Talk:Hurricane Nate weakens as it reaches United States

Latest comment: 6 years ago by Pi zero in topic Less deadly

Less deadly edit

@Darkfrog24: who claims it is less deadly? What makes you think it is okay to claim that in headline. It should be explained properly, and for headline, it is better if we don't jump to conclusions.
acagastya PING ME! 21:02, 8 October 2017 (UTC)Reply[reply]

Everyone is welcome to change the headline. Darkfrog24 (talk) 21:38, 8 October 2017 (UTC)Reply[reply]
See, that is not the solution. You have to do this. Though reviewer would do it before publishing, it is your duty to do this. (Besides, this [I assume] afternoon, renaming created a mess, so, don't say it out loud)
acagastya PING ME! 21:49, 8 October 2017 (UTC)Reply[reply]
I changed it to "Hurricane Nate weakens, still challenging as it reaches the United States". I felt "weakens" works a little better here than "less deadly". —mikemoral (talk) 22:17, 8 October 2017 (UTC)Reply[reply]
Looks good, Mike M. Darkfrog24 (talk) 23:25, 8 October 2017 (UTC)Reply[reply]
Your choice of words troubles me, Acagastya. No it is not my duty to change the title. "Duty" is far too strong a word and when you use it I feel like you're giving orders or making demands. Whoever posts the article should provide a reasonably good title whose content can be verified from the sources and text, which is what I did. However, that does not mean that no one else can change it to an even better title if they want to. Of course other people are allowed to change the article; this is a collaborative project. It also doesn't mean that you can't suggest or request improvements or point out what you believe to be a flaw. But "You must do this! It is your duty. What makes you think this title is okay?" is not a suggestion. (NOTE: I'm reading "What makes you think it is okay to claim this?" as a rhetorical question, meaning "It is not okay to claim this." If I am mistaken and you really do want me to tell you why I think it's okay, just let me know.) Darkfrog24 (talk) 23:46, 8 October 2017 (UTC)Reply[reply]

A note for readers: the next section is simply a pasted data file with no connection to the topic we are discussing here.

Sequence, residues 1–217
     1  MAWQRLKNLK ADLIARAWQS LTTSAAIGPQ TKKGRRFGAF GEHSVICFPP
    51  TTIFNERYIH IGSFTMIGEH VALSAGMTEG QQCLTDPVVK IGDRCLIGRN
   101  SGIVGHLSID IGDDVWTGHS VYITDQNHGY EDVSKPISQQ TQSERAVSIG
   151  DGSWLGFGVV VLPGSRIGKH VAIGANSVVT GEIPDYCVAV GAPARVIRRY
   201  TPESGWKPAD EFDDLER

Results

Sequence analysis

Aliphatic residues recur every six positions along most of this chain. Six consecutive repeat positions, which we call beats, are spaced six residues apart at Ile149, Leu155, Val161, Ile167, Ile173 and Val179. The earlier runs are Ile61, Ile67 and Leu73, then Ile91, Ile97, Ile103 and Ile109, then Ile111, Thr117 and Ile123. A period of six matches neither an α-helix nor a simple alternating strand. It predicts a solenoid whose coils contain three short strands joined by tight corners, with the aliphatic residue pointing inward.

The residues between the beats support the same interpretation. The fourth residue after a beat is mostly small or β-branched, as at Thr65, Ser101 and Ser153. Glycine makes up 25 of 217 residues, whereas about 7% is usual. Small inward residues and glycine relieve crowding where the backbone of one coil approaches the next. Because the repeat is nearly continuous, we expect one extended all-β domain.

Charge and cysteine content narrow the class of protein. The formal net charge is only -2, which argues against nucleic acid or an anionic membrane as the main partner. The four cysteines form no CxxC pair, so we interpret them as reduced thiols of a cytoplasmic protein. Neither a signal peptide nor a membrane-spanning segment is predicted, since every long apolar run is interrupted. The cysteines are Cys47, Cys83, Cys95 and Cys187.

I chose to use the word carefully. Though this is a volunteer project, we should have some commitment and sense of responsibility to our work. As a volunteer it is not hard for a reviewer to allow some incorrect information to pass in. Why do you think pizero goes through the tough task of review which consumes so much time and effort? It is because when we get special rights that becomes our duty whenever we are on-wiki. No one can complain, but you have to do it. Though you don’t have admin or reviewer rights, as an author, you should take responsibility for good titles. Anyone is free to rename the article. But when someone pointed out the problem, it’ll as an author, you should address it as soon as possible. And when I asked that question, I asked in the tone I would have questioned if USA Today or the BBC would have said something similar. That title was not correct. And you would not like it, but you really should not let such things slip in. For someone who has written so many articles, this is not what we expect. Just like how you changed “eighteen” to “18” in the other article, or made Sindh a town without fact-checking. (That reminds me of the geography related discussion we had.)
acagastya PING ME! 00:19, 9 October 2017 (UTC)Reply[reply]
I am at a loss as to why you would think the word "deadly" involves jumping to a conclusion. It literally means "causing or able to cause death." (It also has a bunch of slang meanings, but "lethal"/"causing death" is by far the most common.) As you can see in the first sentence of the article, the hurricane killed people in Latin America but then became weaker and did not kill anyone in the United States. "It caused less death" <=> "it became less deadly." "Deadly" is not a conclusion; it's just a concise way of saying what happened.
The above should establish that the title I provided upon creating this article did not violate Wikinews' policies. If an otherwise acceptable title troubles you in any way, or if you just think it could be better, and you want it changed right now, it is perfectly fine for you change it yourself. If you just don't want to do it yourself, that's fine too, but it's also fine for me.
As for the other article, I changed "Sindh town" to "Sindh, a town." Those are functionally equivalent in English, as in the expression "London town." If there is a factual problem, then it was already in the article before I gnomed it. No, volunteering for gnoming/proofreading does not obligate me to volunteer for fact-checking too.